LONDON (Reuters) – Clive James, an expatriate Australian writer and broadcaster who wrote incisively and often hilariously about television, literature and current affairs, has died aged 80, his agents said on Wednesday.
James, a big name in British television and radio in the 1980s, was influential in media circles and won awards for journalism and broadcasting.
His often coarse, dead-pan style peaked in popularity in the 1980s with the show “Clive James on Television”, in which he lampooned clips of absurd international television shows, in particular a Japanese contest called “Endurance”.
He wrote a newspaper column titled “Reports of My Death” in The Guardian after being diagnosed with leukaemia in 2010. In 2016 he said his longevity after announcing his illness was “embarrassing”.
As comfortable writing about low-brow as well as intellectual culture, his self-deprecating book of memoirs “Unreliable Memories” was a bestseller reprinted dozens of times.
His book “Cultural Amnesia”, comprising short essays about more than 100 people who fascinated him – including writers Thomas Mann and Franz Kafka, filmmaker Federico Fellini and musicians from Duke Ellington to Erik Satie – testified to the breadth of his cultural and intellectual interests.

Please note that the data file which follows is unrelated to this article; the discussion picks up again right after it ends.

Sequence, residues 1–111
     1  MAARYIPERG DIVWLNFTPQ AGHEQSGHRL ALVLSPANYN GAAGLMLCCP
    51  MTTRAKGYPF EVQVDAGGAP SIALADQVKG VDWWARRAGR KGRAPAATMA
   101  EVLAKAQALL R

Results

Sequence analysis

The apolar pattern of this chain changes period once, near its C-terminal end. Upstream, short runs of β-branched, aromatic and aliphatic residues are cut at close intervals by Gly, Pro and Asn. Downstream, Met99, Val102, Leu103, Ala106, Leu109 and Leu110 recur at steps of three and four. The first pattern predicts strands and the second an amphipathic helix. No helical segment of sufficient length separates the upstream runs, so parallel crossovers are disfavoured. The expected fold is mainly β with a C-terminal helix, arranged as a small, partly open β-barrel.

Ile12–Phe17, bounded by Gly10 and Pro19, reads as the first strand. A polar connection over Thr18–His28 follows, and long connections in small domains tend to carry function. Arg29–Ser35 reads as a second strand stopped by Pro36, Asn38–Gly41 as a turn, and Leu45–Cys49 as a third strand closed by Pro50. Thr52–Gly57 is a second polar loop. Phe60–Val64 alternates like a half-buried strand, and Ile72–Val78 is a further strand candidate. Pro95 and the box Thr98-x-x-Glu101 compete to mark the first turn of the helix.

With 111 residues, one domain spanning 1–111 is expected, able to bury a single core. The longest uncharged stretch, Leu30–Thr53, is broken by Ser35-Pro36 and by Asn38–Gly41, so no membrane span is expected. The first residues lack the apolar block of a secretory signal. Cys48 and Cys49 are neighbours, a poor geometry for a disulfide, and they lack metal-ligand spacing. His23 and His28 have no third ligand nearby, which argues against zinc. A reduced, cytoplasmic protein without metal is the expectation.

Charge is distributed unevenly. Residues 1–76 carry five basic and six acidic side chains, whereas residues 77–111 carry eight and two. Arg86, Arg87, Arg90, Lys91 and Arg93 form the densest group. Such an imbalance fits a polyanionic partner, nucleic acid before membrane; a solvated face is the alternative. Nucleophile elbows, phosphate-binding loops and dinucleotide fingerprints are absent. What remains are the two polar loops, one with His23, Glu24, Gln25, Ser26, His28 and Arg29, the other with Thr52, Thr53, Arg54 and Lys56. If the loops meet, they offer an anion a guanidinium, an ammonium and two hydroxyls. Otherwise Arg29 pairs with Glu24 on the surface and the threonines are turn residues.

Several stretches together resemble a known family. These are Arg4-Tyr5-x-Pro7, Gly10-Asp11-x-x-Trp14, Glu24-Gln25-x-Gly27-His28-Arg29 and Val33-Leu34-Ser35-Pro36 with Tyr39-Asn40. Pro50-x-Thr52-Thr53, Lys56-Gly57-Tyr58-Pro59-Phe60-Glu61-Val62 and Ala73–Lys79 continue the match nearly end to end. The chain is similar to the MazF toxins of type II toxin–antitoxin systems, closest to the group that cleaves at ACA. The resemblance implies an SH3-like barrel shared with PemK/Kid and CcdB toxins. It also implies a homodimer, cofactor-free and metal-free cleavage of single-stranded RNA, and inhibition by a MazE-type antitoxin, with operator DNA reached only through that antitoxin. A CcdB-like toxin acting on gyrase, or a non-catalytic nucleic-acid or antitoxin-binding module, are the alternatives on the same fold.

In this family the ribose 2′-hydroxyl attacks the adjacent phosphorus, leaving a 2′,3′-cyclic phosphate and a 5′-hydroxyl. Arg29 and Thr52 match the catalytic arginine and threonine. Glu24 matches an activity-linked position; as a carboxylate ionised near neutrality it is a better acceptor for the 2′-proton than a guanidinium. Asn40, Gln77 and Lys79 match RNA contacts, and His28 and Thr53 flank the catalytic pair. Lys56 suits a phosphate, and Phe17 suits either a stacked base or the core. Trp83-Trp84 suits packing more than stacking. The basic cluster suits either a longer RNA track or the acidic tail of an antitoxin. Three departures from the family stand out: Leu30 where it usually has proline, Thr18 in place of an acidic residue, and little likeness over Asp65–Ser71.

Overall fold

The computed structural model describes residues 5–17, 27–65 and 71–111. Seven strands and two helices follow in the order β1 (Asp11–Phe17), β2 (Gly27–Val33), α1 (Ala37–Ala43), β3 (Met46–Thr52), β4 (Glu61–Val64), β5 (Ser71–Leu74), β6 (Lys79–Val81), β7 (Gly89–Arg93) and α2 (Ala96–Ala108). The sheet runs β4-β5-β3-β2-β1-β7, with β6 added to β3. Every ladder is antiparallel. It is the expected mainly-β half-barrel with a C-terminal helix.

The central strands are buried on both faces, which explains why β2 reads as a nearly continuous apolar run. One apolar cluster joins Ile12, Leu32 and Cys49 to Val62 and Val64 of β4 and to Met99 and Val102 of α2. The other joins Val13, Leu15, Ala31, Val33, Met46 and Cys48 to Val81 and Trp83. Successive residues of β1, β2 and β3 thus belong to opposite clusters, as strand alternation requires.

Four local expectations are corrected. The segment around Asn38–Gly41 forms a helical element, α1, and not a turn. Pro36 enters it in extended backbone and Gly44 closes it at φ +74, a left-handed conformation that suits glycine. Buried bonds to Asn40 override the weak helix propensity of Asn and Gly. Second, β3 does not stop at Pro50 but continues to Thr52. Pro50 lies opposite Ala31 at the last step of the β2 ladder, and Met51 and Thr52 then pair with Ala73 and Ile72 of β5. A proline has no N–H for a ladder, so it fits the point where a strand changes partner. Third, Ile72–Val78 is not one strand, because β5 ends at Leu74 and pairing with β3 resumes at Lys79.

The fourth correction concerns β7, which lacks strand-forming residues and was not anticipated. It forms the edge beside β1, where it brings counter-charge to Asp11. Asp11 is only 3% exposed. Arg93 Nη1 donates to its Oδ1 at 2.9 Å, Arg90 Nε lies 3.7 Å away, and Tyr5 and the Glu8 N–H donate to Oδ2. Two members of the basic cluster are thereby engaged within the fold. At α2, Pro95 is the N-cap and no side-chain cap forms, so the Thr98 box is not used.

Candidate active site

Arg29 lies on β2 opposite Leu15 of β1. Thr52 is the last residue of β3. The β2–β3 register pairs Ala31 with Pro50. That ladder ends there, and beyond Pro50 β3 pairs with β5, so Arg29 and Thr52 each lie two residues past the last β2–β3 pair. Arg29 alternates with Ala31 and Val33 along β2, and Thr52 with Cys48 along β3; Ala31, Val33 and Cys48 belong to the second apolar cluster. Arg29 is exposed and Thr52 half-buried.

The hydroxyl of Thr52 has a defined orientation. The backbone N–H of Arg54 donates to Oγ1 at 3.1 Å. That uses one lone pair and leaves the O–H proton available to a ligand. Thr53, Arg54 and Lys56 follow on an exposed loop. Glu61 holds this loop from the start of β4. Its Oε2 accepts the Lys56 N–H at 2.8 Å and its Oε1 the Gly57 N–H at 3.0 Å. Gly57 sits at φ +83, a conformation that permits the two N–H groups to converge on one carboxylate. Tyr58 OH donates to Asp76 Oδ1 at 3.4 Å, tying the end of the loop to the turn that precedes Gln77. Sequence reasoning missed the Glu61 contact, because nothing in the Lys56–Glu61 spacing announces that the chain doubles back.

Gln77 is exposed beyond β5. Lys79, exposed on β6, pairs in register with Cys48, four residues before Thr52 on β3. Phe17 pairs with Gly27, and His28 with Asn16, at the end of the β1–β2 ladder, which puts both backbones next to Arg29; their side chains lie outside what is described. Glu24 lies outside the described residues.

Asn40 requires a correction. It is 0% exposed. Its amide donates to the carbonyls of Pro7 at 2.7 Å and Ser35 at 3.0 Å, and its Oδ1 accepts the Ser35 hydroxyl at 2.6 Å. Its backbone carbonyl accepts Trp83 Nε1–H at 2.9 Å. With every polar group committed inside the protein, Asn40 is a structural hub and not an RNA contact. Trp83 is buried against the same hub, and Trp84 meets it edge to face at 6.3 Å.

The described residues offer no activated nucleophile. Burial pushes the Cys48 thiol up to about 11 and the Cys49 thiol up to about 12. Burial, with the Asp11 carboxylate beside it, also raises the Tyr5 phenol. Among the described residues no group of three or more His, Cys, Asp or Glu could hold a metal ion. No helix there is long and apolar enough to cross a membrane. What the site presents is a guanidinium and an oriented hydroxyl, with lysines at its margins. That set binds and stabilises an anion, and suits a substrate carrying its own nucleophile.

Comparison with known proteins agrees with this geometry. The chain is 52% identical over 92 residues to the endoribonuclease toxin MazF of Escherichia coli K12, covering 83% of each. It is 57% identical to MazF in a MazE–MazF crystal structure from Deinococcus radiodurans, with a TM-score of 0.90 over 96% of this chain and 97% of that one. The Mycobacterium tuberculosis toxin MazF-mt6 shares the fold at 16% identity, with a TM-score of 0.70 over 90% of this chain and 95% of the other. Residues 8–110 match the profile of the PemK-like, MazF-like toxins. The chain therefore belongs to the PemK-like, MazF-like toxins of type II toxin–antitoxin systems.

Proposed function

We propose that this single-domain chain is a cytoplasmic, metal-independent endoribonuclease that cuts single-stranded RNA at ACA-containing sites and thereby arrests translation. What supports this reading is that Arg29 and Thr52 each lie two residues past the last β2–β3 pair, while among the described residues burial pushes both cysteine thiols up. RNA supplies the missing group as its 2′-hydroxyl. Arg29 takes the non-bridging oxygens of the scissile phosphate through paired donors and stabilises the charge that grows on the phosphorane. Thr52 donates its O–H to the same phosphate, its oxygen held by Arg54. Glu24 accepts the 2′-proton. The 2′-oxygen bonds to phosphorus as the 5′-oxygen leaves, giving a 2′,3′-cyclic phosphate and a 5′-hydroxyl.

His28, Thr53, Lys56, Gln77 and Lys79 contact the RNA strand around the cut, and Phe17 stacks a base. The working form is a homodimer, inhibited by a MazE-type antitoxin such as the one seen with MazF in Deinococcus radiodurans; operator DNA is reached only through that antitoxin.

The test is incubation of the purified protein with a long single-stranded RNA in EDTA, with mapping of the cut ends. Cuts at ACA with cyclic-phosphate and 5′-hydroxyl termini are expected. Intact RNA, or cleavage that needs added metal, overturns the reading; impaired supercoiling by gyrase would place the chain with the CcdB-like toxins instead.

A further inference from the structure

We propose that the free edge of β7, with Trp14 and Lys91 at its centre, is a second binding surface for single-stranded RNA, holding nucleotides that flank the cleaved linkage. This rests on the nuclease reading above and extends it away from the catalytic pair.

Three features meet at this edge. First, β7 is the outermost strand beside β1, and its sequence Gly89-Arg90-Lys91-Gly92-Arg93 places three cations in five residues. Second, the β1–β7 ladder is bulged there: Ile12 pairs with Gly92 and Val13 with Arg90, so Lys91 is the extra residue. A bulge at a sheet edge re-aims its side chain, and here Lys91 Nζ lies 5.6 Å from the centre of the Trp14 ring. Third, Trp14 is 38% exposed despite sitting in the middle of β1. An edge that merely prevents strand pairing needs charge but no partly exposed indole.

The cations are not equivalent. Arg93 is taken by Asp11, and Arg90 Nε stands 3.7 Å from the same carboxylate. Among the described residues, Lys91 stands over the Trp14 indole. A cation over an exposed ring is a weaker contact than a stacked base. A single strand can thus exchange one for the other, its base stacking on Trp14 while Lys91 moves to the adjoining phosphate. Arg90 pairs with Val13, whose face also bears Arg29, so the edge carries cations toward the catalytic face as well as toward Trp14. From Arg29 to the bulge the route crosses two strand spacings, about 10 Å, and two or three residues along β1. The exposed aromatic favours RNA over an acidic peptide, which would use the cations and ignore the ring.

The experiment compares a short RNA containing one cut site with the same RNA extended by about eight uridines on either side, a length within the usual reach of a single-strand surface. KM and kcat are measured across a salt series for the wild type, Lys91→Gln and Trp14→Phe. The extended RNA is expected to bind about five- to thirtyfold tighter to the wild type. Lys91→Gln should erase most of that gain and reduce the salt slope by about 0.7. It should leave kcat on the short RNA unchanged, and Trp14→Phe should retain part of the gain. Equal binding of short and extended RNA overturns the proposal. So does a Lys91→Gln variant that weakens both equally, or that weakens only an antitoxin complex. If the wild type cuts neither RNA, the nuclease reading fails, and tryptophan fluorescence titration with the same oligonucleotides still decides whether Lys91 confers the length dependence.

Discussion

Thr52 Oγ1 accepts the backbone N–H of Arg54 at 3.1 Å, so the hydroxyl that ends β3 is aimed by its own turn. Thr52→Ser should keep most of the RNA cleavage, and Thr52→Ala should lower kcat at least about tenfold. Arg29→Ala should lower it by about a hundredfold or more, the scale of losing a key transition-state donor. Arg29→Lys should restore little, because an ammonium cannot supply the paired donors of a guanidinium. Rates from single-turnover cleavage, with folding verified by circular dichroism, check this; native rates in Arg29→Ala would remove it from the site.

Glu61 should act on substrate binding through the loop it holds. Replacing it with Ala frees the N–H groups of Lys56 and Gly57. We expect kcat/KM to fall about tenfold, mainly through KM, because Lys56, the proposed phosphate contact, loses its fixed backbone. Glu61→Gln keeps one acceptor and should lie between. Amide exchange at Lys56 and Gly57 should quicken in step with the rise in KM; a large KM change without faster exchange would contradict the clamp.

James acted as informal adviser to Britain’s Prince Charles and his ex-wife Diana, something he wrote about in a searingly honest portrayal of their friendship and the phenomenon of Diana’s popularity after her death in a car crash in Paris in 1997.
Vivian Leopold James was born in Sydney in 1939, changing his name to Clive as a child. He moved to England in 1962 and, after graduating from Cambridge University, remained there for the rest of his life.
He died at his home in Cambridge on Sunday, his agents said.
James taught himself French by reading the novels of Marcel Proust with a dictionary, joking that he “might have forgotten to say it took me 15 years”. He also spoke Russian, Japanese, German and Italian.